Letter from GEORGE PERKINS MARSH to CHARLES ELIOT NORTON, dated June 20, 1860.
I am very glad to learn that you are willing to aid in promoting the objects of the
Philol. Society. Wotton
unfortunately, has been assigned to an English collaborator. I would propose the
Morte d'Arthur, Southey's reprint, including the
preliminary matter and notes. This I presume is not new to you, but it contains many
important forms and words, and
if you should read it, I beg you will note the few cases in which the old distinction between yea & yes, nay and no, is disregarded.
The Dictionary article in the World is necessarily
incomplete, for want of space. I have written another, for the
Xtian Review, a Baptist Quarterly published by Sheldon & Co N.Y.
It is now in type, & will appear July 1'. The two are complementary to each
other, the article in the Review going fully into several points barely touched
upon--etymology, for instance, form of volume, and arrangement of matter--in that in the World.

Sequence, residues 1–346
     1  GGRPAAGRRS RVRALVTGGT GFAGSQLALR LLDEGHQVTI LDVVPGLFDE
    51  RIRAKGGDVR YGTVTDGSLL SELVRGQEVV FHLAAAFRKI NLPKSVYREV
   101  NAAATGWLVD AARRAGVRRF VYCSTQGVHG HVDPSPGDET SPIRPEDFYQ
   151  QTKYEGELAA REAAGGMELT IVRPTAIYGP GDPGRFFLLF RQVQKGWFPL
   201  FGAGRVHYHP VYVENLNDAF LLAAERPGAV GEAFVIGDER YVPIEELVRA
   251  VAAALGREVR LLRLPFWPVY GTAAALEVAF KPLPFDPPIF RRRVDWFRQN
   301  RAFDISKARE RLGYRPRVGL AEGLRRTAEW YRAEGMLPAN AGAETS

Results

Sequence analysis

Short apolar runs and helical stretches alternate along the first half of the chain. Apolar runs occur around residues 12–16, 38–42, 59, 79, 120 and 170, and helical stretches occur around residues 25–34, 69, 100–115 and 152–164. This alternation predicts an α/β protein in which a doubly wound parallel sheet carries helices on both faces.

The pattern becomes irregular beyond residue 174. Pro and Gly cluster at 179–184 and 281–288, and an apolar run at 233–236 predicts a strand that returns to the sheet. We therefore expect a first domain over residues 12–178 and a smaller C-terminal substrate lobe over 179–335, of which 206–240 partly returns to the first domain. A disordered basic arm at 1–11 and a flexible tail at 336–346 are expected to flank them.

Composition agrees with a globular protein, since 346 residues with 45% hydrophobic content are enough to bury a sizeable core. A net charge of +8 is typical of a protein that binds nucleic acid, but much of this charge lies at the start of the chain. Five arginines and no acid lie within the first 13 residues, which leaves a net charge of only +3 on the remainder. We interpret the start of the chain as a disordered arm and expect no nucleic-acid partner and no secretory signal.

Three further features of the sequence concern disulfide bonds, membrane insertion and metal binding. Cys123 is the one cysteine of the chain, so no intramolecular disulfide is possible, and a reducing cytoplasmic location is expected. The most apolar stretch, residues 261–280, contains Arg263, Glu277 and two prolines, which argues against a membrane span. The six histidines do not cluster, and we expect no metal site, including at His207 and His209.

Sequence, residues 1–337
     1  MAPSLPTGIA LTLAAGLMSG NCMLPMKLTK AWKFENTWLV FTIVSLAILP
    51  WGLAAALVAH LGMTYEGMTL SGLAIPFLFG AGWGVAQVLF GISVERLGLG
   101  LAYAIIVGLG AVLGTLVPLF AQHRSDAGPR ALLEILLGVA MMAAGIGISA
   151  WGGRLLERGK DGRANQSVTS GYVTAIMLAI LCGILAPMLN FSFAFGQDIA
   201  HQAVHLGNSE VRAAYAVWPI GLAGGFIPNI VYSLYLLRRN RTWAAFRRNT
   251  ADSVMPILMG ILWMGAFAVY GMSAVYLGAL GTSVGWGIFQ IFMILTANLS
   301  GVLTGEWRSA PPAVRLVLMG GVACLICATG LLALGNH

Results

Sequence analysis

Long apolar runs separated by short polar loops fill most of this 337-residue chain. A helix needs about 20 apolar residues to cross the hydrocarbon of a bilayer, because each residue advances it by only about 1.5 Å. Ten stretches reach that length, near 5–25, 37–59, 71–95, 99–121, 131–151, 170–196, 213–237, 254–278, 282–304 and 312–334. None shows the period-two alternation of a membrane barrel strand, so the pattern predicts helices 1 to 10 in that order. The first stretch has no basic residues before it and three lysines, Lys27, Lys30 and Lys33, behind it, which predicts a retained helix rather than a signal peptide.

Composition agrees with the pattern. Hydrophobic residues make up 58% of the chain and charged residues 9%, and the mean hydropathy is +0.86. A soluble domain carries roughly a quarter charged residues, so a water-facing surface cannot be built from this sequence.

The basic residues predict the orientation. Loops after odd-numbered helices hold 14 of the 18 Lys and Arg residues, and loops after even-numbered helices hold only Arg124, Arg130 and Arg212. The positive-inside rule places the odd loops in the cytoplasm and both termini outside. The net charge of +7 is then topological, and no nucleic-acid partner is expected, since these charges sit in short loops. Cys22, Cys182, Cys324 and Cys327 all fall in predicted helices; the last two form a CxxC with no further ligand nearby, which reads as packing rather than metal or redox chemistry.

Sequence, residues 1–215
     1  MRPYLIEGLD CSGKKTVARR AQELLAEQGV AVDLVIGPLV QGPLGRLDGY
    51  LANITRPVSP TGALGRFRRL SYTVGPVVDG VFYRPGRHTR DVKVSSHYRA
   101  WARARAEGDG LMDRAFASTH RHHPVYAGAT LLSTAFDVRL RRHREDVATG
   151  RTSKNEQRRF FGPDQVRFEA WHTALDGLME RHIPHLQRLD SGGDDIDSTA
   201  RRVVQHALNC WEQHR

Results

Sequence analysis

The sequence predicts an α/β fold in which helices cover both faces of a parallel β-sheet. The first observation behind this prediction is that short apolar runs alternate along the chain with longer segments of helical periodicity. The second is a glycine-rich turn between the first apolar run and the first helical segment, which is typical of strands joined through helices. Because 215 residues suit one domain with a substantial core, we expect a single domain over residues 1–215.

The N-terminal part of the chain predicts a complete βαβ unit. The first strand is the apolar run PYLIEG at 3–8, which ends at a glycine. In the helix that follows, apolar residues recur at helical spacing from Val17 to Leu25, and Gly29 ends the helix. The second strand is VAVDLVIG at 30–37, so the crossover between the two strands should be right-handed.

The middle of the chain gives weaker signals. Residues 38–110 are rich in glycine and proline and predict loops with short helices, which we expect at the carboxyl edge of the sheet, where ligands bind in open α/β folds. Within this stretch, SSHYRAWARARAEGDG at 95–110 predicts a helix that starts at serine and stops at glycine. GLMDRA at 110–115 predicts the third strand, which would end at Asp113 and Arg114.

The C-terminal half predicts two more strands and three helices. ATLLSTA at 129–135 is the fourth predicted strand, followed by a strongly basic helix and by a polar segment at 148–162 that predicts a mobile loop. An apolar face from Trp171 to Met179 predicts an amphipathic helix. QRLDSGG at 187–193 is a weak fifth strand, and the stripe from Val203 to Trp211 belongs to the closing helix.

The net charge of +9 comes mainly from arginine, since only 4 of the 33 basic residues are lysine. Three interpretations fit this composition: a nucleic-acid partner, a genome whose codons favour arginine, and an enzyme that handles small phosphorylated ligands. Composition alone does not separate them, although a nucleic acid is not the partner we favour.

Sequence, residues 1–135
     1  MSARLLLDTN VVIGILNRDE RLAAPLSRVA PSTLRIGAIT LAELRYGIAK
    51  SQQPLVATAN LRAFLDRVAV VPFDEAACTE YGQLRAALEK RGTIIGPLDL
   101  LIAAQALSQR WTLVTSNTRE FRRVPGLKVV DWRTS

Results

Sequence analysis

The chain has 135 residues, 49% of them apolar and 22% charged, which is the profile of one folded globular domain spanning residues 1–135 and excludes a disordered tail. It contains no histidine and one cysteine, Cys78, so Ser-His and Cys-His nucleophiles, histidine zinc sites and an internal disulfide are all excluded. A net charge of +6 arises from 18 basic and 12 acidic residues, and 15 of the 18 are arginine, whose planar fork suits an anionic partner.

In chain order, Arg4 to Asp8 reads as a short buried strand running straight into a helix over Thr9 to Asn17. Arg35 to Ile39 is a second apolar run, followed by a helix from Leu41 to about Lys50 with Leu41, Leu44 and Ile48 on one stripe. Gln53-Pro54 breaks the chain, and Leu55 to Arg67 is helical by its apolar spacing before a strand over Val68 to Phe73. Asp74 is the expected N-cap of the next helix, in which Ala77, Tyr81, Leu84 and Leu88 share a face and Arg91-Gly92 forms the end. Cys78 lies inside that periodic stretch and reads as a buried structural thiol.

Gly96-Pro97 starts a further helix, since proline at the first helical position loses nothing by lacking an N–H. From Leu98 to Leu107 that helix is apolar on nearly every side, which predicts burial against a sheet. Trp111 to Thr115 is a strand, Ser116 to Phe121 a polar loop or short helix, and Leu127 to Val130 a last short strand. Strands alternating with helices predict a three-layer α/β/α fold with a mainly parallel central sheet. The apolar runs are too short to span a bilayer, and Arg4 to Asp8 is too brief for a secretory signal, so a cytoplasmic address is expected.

I feel the profoundest interest in the Italian question, which I regard as the most important one which has arisen in my time. I am now contributing to the World and shall frequently discuss this matter, though not under my own name, in its columns.
Thanking you for your favorable opinion
of my labors.
I am, sir,very respectfully yoursGeo P MarshChas E Norton Esq
References in this letter:
Marsh was the American secretary of the London Philological Society, which proposed to create a New English Dictionary. As such, he sought to enlist readers of texts from Old English onward who would search out representative examples of English words in context. The project foundered in 1861 and was not re-started until almost two decades later.
Sir Henry Wotton (1568-1639), English poet and diplomat.
Sir Thomas Malory's Le Morte Darthur, a prose translation of a 14th-century French poem about the knights of the Round Table, was originally printed in 1485 and later edited by Robert Southey (1774-1843), Poet Laureate of England, in 1817.
"The Two Dictionaries," New York World, June 15, 1860, is a review of Goold Brown's The Grammar of English Grammars and Simon Kerl's A Treatise on the English Language.
"Our English Dictionaries," Christian Review, 101 (1860), 384-415.
The "Italian question" was that of unification. In 1861 the separate regions of Italy (except for Austrian Venetia and the Papal States) were united under Victor Emmanuel II of the House of Savoy, who became the first King of Italy. As a further step towards unification, a September 1864 agreement included provisions that French troops be removed from Rome and the capital of Italy be moved from Turin to Florence.